Date: 26th Sept 10
Distance: 8 miles
Ascent: 1450 feet
Time: 4 hours 25 minutes
Start Grid Ref: SH629342
An excellent walk up on to Moel Ysgyfarnogod and Foel Penolau in the Northern Rhinogs.
Route Summary: Road end above Eisingrug - Llyn Eiddew Mawr - Llyn Eiddew Bach - Llyn Du - Moel Ysgyfarnogod - Foel Penolau - Bryn Cader Faner - Road end above Eisingrug.
1. Llŷn Eiddew Mawr and Clip
2. A distant view of Snowdon
3. The view back down to Llŷn Eiddew Mawr
4. Looking out towards the Lleyn peninsula
5. The small tarn of Llŷn Du
6. Moel Ysgyfarnogod
7. On the summit of Moel Ysgyfarnogod
8. Foel Penolau from Moel Ysgyfarnogod
9. Our route on to Foel Penolau was a scramble up these rocks
10. The rocky summit of Foel Penolau
11. Lisa enjoying the views from Foel Penolau
12. The Moelwynion from Foel Penolau
13. Looking back up to Foel Penolau
14. The ancient cairn of Bryn Cader Faner
Walk Detail: Moel Ysgyfarnogod and Foel Penolau are hardly the best known summits in the Snowdonia National Park. In fact outside the world of Hewitt and Nuttall baggers they are probably hardly known at all. Yet it was these two summits that were the objective of my first walk in Snowdonia for over 4 years.
The main reason for choosing the route (a variation on that in the Nuttall's 'Mountains of England and Wales') was that it promised to have some exciting rock scenery but at the same time was fairly modest in terms of distance and total ascent.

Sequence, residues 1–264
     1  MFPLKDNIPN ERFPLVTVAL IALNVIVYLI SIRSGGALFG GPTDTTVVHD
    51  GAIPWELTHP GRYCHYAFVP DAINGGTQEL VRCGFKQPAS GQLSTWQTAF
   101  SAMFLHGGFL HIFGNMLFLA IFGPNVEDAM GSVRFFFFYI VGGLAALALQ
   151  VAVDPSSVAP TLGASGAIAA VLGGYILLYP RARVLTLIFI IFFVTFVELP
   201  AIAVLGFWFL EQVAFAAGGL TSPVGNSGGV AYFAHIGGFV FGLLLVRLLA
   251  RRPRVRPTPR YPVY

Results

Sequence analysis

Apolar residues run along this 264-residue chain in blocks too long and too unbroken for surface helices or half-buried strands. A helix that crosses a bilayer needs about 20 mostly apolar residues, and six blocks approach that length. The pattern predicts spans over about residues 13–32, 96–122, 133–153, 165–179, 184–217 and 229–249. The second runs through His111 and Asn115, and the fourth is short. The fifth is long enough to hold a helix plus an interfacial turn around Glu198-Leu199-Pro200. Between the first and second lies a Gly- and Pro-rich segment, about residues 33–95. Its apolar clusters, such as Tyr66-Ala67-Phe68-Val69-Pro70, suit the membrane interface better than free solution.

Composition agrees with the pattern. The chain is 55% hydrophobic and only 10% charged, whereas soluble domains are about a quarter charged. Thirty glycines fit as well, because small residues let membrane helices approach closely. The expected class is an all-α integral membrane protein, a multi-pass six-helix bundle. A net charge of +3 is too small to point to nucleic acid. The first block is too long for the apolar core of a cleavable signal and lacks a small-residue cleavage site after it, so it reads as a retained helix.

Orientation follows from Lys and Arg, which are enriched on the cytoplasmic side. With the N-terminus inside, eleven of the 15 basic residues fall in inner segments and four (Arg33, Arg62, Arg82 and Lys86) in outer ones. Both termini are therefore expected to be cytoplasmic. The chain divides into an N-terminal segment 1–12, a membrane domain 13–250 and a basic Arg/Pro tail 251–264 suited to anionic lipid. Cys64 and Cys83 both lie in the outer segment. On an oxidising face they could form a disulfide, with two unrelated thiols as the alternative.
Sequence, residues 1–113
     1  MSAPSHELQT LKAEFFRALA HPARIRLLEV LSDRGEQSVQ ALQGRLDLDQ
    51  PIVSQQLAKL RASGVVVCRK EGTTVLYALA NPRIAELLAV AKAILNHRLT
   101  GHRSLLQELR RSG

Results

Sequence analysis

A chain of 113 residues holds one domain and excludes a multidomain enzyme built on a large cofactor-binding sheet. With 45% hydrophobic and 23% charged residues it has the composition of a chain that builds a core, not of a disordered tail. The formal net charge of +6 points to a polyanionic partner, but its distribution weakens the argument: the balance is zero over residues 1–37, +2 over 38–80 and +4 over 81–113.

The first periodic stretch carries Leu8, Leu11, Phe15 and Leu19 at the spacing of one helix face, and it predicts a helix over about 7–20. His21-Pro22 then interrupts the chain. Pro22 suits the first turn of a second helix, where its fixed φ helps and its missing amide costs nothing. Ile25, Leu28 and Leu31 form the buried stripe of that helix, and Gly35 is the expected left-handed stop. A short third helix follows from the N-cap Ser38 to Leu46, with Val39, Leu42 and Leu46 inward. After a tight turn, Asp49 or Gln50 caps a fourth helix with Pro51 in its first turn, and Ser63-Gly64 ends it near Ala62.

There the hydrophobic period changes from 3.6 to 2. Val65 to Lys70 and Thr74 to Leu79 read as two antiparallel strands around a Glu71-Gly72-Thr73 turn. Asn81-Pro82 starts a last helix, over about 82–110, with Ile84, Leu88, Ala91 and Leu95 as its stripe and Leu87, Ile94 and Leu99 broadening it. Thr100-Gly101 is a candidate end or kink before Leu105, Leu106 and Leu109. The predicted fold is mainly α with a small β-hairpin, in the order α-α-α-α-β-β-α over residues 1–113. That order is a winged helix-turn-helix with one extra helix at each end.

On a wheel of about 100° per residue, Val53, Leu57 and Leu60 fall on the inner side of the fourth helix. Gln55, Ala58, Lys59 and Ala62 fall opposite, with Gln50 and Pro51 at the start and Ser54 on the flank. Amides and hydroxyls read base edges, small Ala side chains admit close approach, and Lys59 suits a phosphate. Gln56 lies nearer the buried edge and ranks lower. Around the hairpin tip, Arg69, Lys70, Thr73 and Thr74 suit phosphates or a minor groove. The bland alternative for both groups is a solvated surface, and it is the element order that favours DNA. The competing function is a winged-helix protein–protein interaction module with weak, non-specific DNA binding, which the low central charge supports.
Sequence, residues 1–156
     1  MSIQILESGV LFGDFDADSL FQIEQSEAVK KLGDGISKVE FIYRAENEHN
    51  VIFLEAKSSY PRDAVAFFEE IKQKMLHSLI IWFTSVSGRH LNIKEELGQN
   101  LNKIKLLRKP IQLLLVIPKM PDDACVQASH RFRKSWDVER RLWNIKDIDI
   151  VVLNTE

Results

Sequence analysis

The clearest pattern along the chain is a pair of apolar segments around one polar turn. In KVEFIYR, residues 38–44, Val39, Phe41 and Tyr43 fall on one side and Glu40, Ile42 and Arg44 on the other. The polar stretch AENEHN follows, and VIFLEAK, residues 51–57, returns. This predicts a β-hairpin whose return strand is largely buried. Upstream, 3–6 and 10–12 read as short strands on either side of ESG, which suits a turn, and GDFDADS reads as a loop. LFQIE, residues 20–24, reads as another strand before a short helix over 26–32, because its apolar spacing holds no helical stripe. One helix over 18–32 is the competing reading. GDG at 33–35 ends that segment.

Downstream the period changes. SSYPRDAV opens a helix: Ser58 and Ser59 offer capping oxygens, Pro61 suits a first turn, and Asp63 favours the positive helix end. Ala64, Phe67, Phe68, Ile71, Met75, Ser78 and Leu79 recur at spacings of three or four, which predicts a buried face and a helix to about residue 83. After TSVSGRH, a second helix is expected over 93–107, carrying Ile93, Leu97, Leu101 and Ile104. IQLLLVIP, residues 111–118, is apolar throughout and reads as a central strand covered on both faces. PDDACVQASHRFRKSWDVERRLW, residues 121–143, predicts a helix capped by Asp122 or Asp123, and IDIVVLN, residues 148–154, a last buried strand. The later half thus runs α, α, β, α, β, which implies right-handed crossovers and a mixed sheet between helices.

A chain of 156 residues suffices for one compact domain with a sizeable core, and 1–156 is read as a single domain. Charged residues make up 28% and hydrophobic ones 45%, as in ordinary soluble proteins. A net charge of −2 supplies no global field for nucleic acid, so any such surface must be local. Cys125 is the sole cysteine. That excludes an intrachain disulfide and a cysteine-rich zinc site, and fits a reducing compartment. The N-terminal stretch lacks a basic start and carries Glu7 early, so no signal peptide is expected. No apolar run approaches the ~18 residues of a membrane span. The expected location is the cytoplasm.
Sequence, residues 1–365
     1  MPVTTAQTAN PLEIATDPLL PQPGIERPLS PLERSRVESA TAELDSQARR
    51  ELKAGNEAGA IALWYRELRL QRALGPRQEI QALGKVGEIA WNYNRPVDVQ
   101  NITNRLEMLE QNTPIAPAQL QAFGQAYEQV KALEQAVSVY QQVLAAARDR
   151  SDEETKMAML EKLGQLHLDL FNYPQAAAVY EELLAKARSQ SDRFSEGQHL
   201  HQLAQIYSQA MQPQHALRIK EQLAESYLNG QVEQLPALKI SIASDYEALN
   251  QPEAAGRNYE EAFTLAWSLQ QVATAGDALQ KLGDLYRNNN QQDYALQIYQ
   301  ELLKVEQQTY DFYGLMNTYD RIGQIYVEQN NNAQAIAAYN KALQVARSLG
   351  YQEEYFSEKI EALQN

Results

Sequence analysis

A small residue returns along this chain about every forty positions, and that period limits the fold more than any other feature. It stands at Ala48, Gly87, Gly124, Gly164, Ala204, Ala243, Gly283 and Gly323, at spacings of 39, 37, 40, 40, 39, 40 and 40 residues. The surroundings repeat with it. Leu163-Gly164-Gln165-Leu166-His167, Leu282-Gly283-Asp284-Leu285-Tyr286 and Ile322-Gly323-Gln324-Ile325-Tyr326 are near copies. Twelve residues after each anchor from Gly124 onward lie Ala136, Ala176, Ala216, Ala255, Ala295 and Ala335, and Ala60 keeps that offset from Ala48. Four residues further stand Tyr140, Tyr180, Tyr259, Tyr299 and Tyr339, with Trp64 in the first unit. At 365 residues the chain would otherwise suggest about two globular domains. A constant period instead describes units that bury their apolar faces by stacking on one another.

The walk proved to be everything I hoped it would be. There was some fine mountain tarns (or 'llyns' in Welsh), the paths on the ascent at least were excellent including an enjoyable path that slanted above Llyn Eiddew Bach to Llyn Du below the cliffs of Moel Ysgyfarnogod.
Foel Penolau is reputed to be among the best defended summits in Wales, the summit being a large cap of volcanic rock with only a couple of places where ordinary walkers can breach the crags to scramble to the top. In fact we may have struggled to find the route up if we had not met a group of walkers on Moel Ysgyfarnogod, including a member of the Ogwen Valley Mountain Rescue Team, who showed us the way.
Rather strangely the summit of Foel Penolau, once attained, looked at first glance if it was covered in layer of limestone pavement despite the fact that, as mentioned, the rock is much older in origin.
Situated at the northern end of the Rhinogydd range both Moel Ysgyfarnogod and Foel Penolau have a stunning vista of the North Snowdonia mountains. Indeed Wynn, the experienced walker from the Ogwen Mountain Rescue Team, stated the opinion that it was one of the best views in North Wales. I haven't visited enough mountains in North Wales to make such a claim but I would be surprised if there were many finer views.
I wanted to return via a different route to the Nuttalls mainly because I wanted to visit the curious cairn of Bryn Cader Faner. This meant an initially pathless descent from Foel Penolau where I managed to go up above my left knee in one the smallest patches of bog I've come across. This was kharma punishing me for my claims to be an experienced bog trotter to the Welsh walkers we had left on Foel Penolau.
This was an excellent walk and one I would heartily recommend to anyone going walking in Wales, especially if they have already visited the more famous tops.